I couldn't agree more. Your description is deeply saddening that autistic children are being treated that way, and I'm sure it's very similar in the UK, though others who have more recent contact with our system may correct me. Of course, a large part of the cause is the fact that it is still believed that autism is just an emotional/social problem, hence the chat therapy! And the whole idea that putting autistic kids in with the non-autistic will cause some of their abilities to rub off on them. Nothing could be worse. They just don't get it (or they don't want to). All these poor kids must be so miserable and it doesn't need to be like that. When will they start listening to us?

Cia

One other thing I was going to mention, but forgot. In seventh grade, West Middle School, once they realized my daughter could not participate in the typical classes at all, they put her in a room all by herself, alone with a computer, and told her to do the lessons in a computer course for all the core subjects, typical seventh grade level. That was in January 2014. It wasn't until MAY, when she failed all the TESTS in the online curriculum, that they realized she hadn't understood ONE SINGLE THING. I'm too depressed at the memory to even put an exclamation point. I wrote to every member of the school board, but, once again, they don't care. No one gives a damn. That being said, if you get the credentials to put initials after your name, there are BIG BUCKS to be had in this area, even though no one in it knows or does a thing.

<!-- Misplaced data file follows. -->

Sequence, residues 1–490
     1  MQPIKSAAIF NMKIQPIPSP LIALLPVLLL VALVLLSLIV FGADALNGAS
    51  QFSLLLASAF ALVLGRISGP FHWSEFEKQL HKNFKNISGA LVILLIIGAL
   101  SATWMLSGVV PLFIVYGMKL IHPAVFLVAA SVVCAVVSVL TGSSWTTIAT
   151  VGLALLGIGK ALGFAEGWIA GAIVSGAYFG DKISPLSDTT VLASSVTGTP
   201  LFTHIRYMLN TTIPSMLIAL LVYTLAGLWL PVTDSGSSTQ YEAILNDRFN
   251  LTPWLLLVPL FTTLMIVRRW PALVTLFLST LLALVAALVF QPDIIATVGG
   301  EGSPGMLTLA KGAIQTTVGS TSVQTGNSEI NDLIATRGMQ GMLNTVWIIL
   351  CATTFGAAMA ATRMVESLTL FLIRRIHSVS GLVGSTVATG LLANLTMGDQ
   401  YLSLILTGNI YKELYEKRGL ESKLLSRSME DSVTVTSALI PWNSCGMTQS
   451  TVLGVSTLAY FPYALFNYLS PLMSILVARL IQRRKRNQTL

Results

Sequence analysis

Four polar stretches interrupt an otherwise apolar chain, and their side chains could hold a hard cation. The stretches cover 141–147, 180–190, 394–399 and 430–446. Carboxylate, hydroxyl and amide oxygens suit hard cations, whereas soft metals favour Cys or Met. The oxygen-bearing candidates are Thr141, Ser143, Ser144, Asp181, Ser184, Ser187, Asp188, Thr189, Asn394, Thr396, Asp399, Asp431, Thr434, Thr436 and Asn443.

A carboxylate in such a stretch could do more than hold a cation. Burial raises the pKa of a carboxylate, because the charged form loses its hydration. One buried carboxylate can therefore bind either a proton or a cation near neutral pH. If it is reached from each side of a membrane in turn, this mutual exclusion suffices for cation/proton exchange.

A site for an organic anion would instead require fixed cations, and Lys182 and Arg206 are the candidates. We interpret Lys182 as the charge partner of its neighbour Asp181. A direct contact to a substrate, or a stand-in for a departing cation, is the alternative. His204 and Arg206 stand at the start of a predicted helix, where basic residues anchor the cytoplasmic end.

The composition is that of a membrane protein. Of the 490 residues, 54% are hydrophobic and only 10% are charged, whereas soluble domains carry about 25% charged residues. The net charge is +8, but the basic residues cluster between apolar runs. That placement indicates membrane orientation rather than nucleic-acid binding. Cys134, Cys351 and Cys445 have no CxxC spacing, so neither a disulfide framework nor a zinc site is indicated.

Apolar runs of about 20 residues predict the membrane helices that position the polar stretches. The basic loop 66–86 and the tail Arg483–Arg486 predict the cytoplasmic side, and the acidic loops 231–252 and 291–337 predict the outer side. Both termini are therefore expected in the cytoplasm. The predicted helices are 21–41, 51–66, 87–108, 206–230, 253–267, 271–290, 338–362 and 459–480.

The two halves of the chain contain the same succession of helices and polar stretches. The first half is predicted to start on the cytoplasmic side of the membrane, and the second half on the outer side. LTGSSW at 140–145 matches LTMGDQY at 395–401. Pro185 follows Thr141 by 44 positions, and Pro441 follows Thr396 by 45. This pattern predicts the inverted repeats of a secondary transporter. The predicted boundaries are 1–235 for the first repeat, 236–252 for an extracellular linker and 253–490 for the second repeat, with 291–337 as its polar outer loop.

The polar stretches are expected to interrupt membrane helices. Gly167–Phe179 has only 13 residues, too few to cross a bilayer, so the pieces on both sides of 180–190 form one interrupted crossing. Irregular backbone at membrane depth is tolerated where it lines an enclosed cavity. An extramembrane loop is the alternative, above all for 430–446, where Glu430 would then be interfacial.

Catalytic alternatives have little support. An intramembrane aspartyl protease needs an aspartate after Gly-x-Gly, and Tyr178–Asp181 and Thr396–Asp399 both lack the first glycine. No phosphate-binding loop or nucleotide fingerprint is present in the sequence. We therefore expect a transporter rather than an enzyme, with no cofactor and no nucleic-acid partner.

lorim

Linda1, agreed. Some are good and caring but others are NOT. And most can't love the children like their parents. And with all the medical conditions vaccines and pesticides have done to our children, it complicates it even more! They don't have an understanding of what has happened to these children and they are overwhelmed because they have 25-30 students who have different injuries and abilities. If parents are able, relaxed homeschooling is a good option. "There's no place like home" is a you tube channel done by a relaxed homeschooling mom. I noticed You Tube disabled her comments soon after she did a video where she mentioned about how one of her daughters got Crohn's disease following the HPV vaccine and a friend told her it is one of the side effects of that vaccine.

lorim

They tried to play it off saying the school was short on space, but how would that explain the teacher giving him a camping mat to nap on the floor?!? This teacher had disdain for this student! How is she still a teacher at this school??

Cia